Indigenisation and economic empowerment appear to be a trend in Southern and Eastern part of Africa and although several colonial influences exist in these regions, the Anglo-Saxon and Portuguese heritage remains a common feature, as does the fact that colonialism lasted far longer in this region than elsewhere on the continent. As a result, these States faced severe and potentially destabilising disparities of wealth and resources between rich and poor at the attainment of their independence from colonial rule which, because of the economic policies of colonialism, was based on the colour line. This has been the case in the more commonly-discussed examples of South Africa and Zimbabwe, but also to some extent in Namibia, Botswana and Angola.
Indigenisation, such as in Zimbabwe, aims at giving a “controlling interest” of not less than 51 per cent of the shares or interest in an enterprise to black indigenous Zimbabweans. Every company in respect of which 51 per cent of the shares or a controlling interest is not held by indigenous Zimbabweans and whose net asset value is above certain thresholds (depending on the industry) must submit an indigenisation plan detailing how and when a controlling interest of its business will be transferred.
Indigenisation in other countries has been a relatively smooth process. In Angola, the “Angolanisation” policy seeks to ensure preferential treatment of Angolan Businessmen and also stipulates that companies must conform to a ratio of 70 per cent national workers to 30 per cent foreign workers.
In Botswana, the Government proactively encourages Citizen Businesses and Entrepreneurs. Certain categories of tenders are restricted to Citizen-owned companies only and Citizen-owned or Majority Citizen-owned companies enjoy preference during tender evaluations. Certain manufacturing activities are also restricted to Citizens and Citizen-owned companies. The Government has set up the Citizen Entrepreneurial Development Agency to provide fledgling citizen-based companies with technical, financial and managerial assistance.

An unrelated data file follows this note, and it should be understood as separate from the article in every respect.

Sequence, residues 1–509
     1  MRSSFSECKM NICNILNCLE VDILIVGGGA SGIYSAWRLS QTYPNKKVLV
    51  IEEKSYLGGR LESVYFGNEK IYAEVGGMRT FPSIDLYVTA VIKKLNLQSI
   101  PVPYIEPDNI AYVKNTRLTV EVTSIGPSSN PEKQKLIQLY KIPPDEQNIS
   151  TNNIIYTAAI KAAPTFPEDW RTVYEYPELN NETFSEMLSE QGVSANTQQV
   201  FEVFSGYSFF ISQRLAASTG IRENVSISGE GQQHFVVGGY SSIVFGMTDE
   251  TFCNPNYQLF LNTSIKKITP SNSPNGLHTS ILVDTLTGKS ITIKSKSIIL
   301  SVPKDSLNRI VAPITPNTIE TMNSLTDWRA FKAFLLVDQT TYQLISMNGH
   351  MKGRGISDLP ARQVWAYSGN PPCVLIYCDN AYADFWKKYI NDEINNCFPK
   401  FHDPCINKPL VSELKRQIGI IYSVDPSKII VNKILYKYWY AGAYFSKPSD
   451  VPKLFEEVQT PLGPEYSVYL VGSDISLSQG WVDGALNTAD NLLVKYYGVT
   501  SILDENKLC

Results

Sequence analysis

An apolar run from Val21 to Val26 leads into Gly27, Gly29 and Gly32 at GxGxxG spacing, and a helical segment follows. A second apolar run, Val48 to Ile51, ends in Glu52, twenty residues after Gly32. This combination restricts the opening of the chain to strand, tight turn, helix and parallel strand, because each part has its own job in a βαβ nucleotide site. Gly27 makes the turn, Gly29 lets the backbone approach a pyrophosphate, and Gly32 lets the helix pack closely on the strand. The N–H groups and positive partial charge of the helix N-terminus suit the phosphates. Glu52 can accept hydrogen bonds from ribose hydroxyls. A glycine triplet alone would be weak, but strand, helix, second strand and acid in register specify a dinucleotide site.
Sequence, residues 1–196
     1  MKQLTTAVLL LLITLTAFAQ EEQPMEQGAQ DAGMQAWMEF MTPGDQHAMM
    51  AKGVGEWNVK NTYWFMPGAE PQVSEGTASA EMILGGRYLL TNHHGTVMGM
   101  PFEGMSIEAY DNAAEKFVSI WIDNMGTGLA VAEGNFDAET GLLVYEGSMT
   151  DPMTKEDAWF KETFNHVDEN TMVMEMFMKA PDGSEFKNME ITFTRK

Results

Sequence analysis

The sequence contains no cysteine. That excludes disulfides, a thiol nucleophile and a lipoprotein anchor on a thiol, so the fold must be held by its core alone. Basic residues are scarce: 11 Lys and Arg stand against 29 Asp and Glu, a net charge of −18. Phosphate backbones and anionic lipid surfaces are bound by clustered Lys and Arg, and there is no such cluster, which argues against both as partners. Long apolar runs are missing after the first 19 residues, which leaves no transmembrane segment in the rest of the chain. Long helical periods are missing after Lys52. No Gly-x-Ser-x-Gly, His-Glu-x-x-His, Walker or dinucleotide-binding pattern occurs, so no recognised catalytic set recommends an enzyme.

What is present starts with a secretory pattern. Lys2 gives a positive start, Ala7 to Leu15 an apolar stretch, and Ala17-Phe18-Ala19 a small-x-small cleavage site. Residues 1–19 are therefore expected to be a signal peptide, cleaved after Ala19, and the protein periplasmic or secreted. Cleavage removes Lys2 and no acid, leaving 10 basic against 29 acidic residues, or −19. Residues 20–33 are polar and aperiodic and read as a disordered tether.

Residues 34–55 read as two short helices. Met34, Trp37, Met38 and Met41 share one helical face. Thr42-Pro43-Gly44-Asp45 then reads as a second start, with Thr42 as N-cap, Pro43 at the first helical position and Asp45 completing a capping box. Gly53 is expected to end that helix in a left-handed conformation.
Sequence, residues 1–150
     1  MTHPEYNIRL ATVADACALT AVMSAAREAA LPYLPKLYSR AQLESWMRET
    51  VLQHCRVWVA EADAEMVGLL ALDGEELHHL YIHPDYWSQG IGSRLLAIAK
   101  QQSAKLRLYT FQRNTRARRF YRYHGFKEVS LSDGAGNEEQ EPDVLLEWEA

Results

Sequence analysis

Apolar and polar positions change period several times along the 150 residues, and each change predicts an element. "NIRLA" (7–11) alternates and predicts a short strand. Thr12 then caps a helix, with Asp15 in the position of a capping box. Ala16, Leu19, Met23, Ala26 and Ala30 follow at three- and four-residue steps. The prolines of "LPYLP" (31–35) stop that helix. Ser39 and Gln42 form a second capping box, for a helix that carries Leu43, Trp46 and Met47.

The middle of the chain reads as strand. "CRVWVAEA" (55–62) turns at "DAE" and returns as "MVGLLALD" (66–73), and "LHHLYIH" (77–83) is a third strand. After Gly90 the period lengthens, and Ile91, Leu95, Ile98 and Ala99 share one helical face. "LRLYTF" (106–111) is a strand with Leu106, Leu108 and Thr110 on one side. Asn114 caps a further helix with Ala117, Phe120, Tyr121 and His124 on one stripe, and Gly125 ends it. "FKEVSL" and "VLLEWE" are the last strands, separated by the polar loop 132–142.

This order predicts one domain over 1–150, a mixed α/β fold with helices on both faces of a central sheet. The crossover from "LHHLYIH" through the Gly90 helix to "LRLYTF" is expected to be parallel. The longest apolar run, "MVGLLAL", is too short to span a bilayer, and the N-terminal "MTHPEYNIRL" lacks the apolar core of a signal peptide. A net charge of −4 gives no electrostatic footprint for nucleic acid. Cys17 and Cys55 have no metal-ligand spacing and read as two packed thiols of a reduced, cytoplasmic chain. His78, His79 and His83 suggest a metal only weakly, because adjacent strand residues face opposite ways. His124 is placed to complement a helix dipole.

Other countries tend to apply this policy for very specific and strategic sectors. This is the case in the DRC where land concessions for agriculture shall only be granted to Congolese individuals or companies having the State or Congolese individuals or Companies as shareholders.
The more sophisticated policies appear to be Namibia’s New Equitable Economic Empowerment Framework (NEEEF) which aims to provide a clear overarching policy framework into which all other policies will slot, promoting transformation in business through the five pillars of: Ownership, Management Control and Employment Equity, Human Resources and Skills Development, Entrepreneurship Development and Community Investment; and of course South Africa’s BBBEE.
We will, however, continue to keep an eye on the evolution of the Economic Empowerment Policy in Tanzania and Zambia’s Citizen Economic Empowerment, which seem to be very influenced by the South African system.
These trends are a good sign and show that States have learnt quickly from the past, seeking to amend policies to take cognisance of previous successes and failings in implementation elsewhere on the continent. In any case, the rise of African States will go hand in hand with their re-appropriation of their economies.
BY Sébastien Thouvenot
Sébastien Thouvenot is an executive at ENS (Edward Nathan Sonnenbergs) and has 11 years experience as a former member of the Paris bar. He currently practices in the ENS Africa department and specialises in corporate commercial transactions spanning across Europe and Africa for clients in the public and private sectors including multinationals, states, international financing institutions, investment funds and banks. He has experience in a wide variety of transactions encompassing the oil and gas, mining, telecommunications, energy and infrastructure sectors.